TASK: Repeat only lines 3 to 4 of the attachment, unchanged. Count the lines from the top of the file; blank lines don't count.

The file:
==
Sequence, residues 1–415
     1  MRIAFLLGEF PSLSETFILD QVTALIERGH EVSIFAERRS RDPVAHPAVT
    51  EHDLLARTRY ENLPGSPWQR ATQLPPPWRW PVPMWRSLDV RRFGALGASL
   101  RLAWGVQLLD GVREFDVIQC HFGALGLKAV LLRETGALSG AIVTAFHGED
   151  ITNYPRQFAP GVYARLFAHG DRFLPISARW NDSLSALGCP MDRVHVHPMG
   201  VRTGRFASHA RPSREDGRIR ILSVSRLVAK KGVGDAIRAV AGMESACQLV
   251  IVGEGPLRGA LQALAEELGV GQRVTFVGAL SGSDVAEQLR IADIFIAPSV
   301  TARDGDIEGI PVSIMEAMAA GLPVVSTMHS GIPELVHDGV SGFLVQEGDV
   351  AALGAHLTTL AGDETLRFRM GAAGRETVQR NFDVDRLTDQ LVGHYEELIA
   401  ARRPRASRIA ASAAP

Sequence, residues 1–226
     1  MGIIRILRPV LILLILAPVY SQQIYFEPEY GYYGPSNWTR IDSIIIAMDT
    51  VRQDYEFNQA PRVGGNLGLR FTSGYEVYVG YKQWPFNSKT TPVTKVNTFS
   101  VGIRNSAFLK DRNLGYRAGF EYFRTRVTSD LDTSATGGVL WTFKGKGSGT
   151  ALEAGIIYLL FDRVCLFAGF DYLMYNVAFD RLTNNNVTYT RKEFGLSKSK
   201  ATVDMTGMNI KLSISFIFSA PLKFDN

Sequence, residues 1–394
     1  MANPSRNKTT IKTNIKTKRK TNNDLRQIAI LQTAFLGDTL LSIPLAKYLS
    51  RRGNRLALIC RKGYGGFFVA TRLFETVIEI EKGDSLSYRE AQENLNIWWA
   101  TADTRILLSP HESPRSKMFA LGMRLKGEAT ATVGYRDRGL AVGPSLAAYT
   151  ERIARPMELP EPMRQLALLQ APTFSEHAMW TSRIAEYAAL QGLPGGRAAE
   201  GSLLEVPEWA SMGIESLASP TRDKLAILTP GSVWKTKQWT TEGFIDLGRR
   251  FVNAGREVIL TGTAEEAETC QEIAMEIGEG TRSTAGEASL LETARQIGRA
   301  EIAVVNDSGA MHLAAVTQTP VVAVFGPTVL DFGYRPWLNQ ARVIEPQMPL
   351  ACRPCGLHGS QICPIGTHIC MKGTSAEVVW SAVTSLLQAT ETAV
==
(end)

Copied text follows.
    51  EHDLLARTRY ENLPGSPWQR ATQLPPPWRW PVPMWRSLDV RRFGALGASL
   101  RLAWGVQLLD GVREFDVIQC HFGALGLKAV LLRETGALSG AIVTAFHGED